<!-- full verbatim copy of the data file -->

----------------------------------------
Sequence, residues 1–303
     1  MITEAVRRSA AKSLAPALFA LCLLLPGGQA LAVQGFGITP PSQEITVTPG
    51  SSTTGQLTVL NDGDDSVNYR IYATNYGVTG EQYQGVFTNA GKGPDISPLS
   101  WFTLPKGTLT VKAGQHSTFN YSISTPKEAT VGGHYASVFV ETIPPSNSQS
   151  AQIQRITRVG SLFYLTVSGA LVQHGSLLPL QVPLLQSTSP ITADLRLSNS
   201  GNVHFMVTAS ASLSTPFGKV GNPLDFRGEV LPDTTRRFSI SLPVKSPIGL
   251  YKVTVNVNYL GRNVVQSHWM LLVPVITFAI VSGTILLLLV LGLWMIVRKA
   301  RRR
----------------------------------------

Sequence, residues 1–303
     1  MITEAVRRSA AKSLAPALFA LCLLLPGGQA LAVQGFGITP PSQEITVTPG
    51  SSTTGQLTVL NDGDDSVNYR IYATNYGVTG EQYQGVFTNA GKGPDISPLS
   101  WFTLPKGTLT VKAGQHSTFN YSISTPKEAT VGGHYASVFV ETIPPSNSQS
   151  AQIQRITRVG SLFYLTVSGA LVQHGSLLPL QVPLLQSTSP ITADLRLSNS
   201  GNVHFMVTAS ASLSTPFGKV GNPLDFRGEV LPDTTRRFSI SLPVKSPIGL
   251  YKVTVNVNYL GRNVVQSHWM LLVPVITFAI VSGTILLLLV LGLWMIVRKA
   301  RRR